Furthermore, in response to intimidation:
"Not only did women push cars, drag men out of them, and maintain their lines; they also jumped on cars, threw rocks at strikebreakers, and deployed various “domestic” items as weapons: knitting needles, pins, (rotten) eggs and chili peppers."

So who was back home taking care of the kids and house? The jobless miners, who had eye-opening experiences at home.
"For the next seven months, the women held the line in the face of violence from strikebreakers, mass arrests by the sheriff, and opposition from many of their own husbands, who were suddenly faced with the responsibilities of caring for children, washing clothes, and doing the dishes. In January 1952, the strikers returned to work with a new contract. They had failed to win their major demands, but did obtain significant pay increases that, in effect, undermined the Mexican wage. Several weeks later, Empire Zinc installed hot water plumbing in Mexican American workers’ houses--a major issue pushed by the women of these households."

Mural about the Mine-Mill Strike by the Local 890 and the 209. Bayard, New Mexico

The secondary story

Three filmmakers who were members of the Communist Party made a movie about the miners' strike. They were Herbert Biberman (director), Michael Wilson (screenwriter), and Paul Jarrico (producer).

Mr. Wilson wrote or collaborated on screenplays for, among others: Lawrence of Arabia, Planet of the Apes, Bridge Over the River Kwai, It's A Wonderful Life, A Place in the Sun, and Border Patrol. In some, such as Lawrence of Arabia, he was uncredited because he had been blacklisted during (and after) the McCarthy Era.

The movie was Salt of the Earth, and it included experienced actors and individuals who actually participated in the strike. Filmed on site, the movie production was beset with harassing actions by politicos fraught with commie fever.
"On February 24, 1953, as filming proceeded in Grant County, U.S. Representative Donald L. Jackson (Rep-Calif.), a member of the House Committee on Un-American Activities (HUAC), delivered a speech on the floor of Congress that portrayed Salt as a dire threat to the nation. 'This picture,' Jackson charged, 'is deliberately designed to inflame racial hatreds and to depict the United States of America as the enemy of all colored peoples.' 'If this picture is shown in Latin America, Asia, and India,' he warned, 'it will do incalculable harm not only to the United States but to the cause of free people everywhere.' 'In effect,' he concluded, 'this picture is a new weapon for Russia.'”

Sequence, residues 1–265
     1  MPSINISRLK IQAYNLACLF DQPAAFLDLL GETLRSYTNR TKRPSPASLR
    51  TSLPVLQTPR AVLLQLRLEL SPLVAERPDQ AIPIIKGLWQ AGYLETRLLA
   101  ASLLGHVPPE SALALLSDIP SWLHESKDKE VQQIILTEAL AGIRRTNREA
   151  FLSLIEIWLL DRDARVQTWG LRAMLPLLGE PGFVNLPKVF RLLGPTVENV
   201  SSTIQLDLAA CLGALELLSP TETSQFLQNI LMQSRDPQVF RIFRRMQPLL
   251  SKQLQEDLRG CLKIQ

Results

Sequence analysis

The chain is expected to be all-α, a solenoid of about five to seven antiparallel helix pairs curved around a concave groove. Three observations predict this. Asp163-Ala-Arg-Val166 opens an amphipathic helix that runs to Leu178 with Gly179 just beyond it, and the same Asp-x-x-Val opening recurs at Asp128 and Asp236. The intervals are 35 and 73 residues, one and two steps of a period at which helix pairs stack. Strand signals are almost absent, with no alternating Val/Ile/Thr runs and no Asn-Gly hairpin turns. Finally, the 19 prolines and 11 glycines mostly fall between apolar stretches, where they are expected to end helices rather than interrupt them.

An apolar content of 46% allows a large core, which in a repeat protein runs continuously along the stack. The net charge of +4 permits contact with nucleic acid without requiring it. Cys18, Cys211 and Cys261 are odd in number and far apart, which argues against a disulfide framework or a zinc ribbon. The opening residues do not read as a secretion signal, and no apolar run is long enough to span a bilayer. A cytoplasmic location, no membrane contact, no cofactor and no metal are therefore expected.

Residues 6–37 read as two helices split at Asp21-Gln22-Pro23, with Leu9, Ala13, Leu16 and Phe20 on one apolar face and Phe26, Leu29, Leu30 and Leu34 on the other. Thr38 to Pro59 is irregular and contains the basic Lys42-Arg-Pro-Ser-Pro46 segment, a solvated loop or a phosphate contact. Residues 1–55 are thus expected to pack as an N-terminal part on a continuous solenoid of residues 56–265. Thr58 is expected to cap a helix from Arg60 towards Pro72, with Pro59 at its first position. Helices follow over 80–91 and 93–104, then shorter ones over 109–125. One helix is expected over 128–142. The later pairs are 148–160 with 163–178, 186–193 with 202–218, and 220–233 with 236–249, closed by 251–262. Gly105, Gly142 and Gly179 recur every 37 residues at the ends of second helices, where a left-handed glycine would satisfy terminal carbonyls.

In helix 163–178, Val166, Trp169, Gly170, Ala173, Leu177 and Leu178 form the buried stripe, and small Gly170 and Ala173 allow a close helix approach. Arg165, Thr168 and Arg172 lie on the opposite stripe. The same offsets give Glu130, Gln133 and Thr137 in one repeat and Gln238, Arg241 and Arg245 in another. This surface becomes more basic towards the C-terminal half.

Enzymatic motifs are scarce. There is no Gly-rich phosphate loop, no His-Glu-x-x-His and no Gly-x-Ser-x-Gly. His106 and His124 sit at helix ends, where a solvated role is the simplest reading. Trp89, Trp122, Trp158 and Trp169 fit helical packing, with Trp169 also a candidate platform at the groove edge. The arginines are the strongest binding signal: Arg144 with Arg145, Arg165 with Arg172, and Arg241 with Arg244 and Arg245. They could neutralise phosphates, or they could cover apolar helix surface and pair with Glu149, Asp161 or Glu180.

To harass the making of the movie,

"The Grant County American Legion post distributed printed copies of Jackson’s speech to local residents. Anti-Mine-Mill residents formed a vigilante committee that carried out physical attacks on the film crew and cast. And the day after Jackson’s speech, Rosaura Revueltas [one of the professional actresses] was arrested on immigration charges, based on the technicality that she had failed to get her passport stamped when entering the U.S., and was deported before filming ended. (The last shots of her in the film were done in Mexico and the film had to be smuggled back into the U.S.). Finally, due to collaboration between Jackson, studio executives such as Howard Hughes, the American Legion, as well as the conservative Hollywood technicians’ union--the International Association of Theatrical Stage Employees (IATSE)--few Americans saw Salt of the Earth in the year of its release. In 1954, there were 13,000 movie theaters in the U.S. Only thirteen of them showed the film."
In addition, shots were fired nearby and planes buzzed the production in order to interrupt film making.

"Grandpa Walton," Will Geer, played the town sheriff in the movie. Mr. Geer was also on the blacklist for his alleged un-American activities.

Mural about the Mine-Mill Strike by the Local 890 and the 209. Bayard, New Mexico

The tertiary stories

Women's rights. Carl R. Weinberg, a historian and the author of this article, which as served as my main resource on the Local 890 strike, proposes that the women's role in this strike was one of a series of events that informed the modern-day women's movement.

Communism as scapegoat. The socio-political environment in which the strike and movie occurred used communism as a handy shield to maintain the status quo for the mining company and its employees.

Mural about the Mine-Mill Strike by the Local 890 and the 209. Bayard, New Mexico. 

So here's to the mural artist(s) in little Bayard, New Mexico, whose work compelled me to pause for a moment on my way home from Silver City. And to the people of the Local 890 and the 209, whose story is still so moving, more than 50 years later. 

Friday, January 25, 2013

Hurley, New Mexico: Cemetery

Hurley Cemetery, Hurley, New Mexico.
Hurley Cemetery, Hurley, New Mexico.

Hurley Cemetery, Hurley, New Mexico.

Thursday, January 24, 2013